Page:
Each year, millions of central venous catheters and other indwelling devices are inserted in various healthcare settings worldwide. These widely used devices predispose the emergence of central line-associated bloodstream infections (CLABSI), which contribute to prolonged hospital stays.

Furthermore, these infections may require a complex therapeutic strategy, which may have limited efficacy. One of the most important predisposing factors to CLABSIs is the biofilm-forming ability of pathogenic microorganisms. The bacterial and/or fungal cells adhere to these abiotic surfaces and develop a thick, three-dimensional, polysaccharide-based matrix, which provides resistance to various environmental factors, the immune response, and the majority of antimicrobial drugs. Moreover, the dispersed cells from these sessile communities may be a continuous source of life-threatening systemic infection.

Based on data from the Centers for Disease Control and Prevention (CDC), a remarkable decrease in rates of pathogen-specific CLABSI rates in intensive care units was observed between 2011 and 2017. However, this trend could not be detected in cases of Candida-related central line-associated infections. In addition, these microbes were the most common CLABSI-related pathogens in 2017. Based on current medical guidelines, immediate catheter replacement must be applied in cases of confirmed Candida-associated catheter-related infections. Nevertheless, catheter replacement is not feasible for all patients, especially for those who have limited venous access.

Recently published alternative therapies for the treatment of Candida-related CLABSI include high-dose therapy with licensed antifungal drugs, combination-based therapeutic approaches, and antifungal lock therapy. Experimental data have revealed the therapeutic potential of echinocandins and amphotericin B formulations against fungal biofilms, both in traditional therapies and in the abovementioned alternative approaches such as antifungal lock therapy. However, the number of resistant fungal infections has been steadily increasing, and new potentially multi-resistant fungal species have emerged in clinical practice, such as Candida auris, multiazole-resistant Aspergillus isolates or Lomentospora prolificans, causing further challenges for therapy.

Despite the relatively widely used antibacterial lock protocols, unfortunately there is no approved antifungal lock therapy in clinical practice. Lock therapy uses prolonged instillation of a solution containing high concentrations of antimicrobial compounds within an infected catheter in order to sterilise it and remove intraluminal biofilms. A relatively novel and innovative alternative therapeutic approach against Candida biofilms – which can be used as part of a potential antifungal lock protocol – is the disruption of the fungal quorum-sensing process. Quorum sensing is a major mechanism of microbial cell–cell communication, acting as a population density-dependent stimulus response mediated by hormone-like low-molecular-weight secreted molecules called quorum-sensing molecules. To date, four major fungal quorum-sensing molecules have been described, including farnesol, tyrosol, phenylethanol and tryptophol, which each have a remarkable effect on the regulation of morphogenesis.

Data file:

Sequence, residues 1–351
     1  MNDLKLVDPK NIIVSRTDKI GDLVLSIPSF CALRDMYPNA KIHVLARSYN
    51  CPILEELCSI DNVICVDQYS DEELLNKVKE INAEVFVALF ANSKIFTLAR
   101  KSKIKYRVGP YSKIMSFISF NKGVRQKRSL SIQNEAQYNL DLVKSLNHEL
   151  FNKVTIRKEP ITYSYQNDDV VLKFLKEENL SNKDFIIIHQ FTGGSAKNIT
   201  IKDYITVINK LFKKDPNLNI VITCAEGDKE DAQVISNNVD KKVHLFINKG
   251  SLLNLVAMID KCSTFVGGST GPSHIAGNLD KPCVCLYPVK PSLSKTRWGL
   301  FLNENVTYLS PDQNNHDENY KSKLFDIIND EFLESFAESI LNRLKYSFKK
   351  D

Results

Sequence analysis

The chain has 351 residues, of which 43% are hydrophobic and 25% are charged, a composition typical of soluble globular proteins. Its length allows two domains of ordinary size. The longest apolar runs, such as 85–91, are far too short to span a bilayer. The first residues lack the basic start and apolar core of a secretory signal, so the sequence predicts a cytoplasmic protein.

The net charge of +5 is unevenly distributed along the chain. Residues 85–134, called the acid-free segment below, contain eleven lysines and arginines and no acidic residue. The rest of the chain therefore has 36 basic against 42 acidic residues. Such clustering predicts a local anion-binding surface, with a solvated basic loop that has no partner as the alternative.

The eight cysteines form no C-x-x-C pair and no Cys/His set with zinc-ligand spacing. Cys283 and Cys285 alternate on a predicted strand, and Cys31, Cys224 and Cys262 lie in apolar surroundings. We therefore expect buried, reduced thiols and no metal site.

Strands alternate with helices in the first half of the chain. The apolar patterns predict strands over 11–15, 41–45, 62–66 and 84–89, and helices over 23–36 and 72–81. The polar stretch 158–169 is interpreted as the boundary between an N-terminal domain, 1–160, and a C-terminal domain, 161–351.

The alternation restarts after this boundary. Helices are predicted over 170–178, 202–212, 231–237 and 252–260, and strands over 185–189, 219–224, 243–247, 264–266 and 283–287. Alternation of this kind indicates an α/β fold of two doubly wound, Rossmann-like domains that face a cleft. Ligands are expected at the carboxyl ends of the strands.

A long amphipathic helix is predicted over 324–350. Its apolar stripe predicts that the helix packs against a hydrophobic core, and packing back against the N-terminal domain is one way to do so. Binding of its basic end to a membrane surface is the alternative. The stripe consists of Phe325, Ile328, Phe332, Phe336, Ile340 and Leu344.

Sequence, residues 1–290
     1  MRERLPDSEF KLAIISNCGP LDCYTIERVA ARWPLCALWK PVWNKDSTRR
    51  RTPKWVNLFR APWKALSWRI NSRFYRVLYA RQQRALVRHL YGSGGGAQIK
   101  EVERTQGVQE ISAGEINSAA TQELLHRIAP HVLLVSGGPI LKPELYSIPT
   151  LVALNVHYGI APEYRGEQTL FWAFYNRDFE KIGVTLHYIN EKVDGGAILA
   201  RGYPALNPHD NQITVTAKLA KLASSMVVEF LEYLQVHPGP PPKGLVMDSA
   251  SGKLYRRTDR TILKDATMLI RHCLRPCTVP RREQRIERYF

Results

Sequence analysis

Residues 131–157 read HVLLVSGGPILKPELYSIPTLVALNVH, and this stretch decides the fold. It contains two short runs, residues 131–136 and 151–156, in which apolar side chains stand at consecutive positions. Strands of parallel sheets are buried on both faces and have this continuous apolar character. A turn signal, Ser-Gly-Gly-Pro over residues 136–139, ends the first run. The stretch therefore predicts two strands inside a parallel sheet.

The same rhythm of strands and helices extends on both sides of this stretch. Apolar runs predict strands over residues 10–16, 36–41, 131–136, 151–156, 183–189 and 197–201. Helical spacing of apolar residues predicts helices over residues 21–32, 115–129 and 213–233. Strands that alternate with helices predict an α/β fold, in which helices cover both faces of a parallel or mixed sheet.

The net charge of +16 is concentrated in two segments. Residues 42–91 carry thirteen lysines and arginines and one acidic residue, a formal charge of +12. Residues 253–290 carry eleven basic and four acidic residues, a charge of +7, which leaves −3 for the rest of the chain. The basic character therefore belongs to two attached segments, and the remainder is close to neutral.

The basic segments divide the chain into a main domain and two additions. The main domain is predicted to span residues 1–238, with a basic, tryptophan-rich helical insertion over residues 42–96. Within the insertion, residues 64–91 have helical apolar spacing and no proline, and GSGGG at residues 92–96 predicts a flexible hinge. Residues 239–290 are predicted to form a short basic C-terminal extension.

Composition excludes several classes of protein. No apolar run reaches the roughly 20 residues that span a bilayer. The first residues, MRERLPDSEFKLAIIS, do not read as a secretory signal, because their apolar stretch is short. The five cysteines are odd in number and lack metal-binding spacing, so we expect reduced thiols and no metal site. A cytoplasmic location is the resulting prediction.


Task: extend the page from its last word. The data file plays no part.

In the last decade, the number of studies dealing with the effect of farnesol against Candida species has steadily increased, supporting the comprehensive understanding of the potential antifungal effect exerted by this compound. At physiological concentrations, farnesol has no significant inhibitory effect if hyphae development or biofilm formation have already begun. However, several studies demonstrate that farnesol at supraphysiological concentrations can cause biofilm degradation, particularly increasing the rate of apoptotic fungal cells. Furthermore, it can enhance the activity of several traditional antifungal agents such as azoles, amphotericin B formulations and echinocandins. Moreover, it may cause resistance reversion, especially in the case of azoles. The antifungal activity exerted by farnesol can be explained by the extensive production of reactive oxygen species and the inhibition of fungal survival strategies. Farnesol has an amphiphilic nature, allowing its integration into fungal cell membranes, potentially influencing the membrane integrity. Furthermore, it inhibits manganese, zinc transport and iron metabolism, and increases the fungal intracellular copper content – thereby disrupting intracellular metal homeostasis. Interestingly, fungal metabolism is modulated towards beta-oxidation following farnesol exposure.

Tyrosol is a relatively understudied and underappreciated molecule compared with farnesol, with regard to its antifungal activity and synergistic effect with antifungal drugs. Previous studies have described a potential antifungal effect similar to that of farnesol at supraphysiological concentrations; furthermore, the compound enhanced the activity of certain traditional antifungal drugs against biofilms. Based on deep molecular analysis, tyrosol exposure may be able to enhance oxidative stress, and inhibit growth, ribosome biogenesis and virulence in the case of Candida cells. Surprisingly, metabolism is modulated towards glycolysis and ethanol fermentation, unlike on exposure to farnesol.

In summary, the possible introduction of this novel type of therapy into clinical practice even in lock therapy is unlikely to occur in the near future. To date, the extent of the available data focusing on fungal quorum sensing is limited. Nevertheless, there may be huge potential in this innovative therapeutic approach against fungal biofilms that would be a mistake to leave untapped.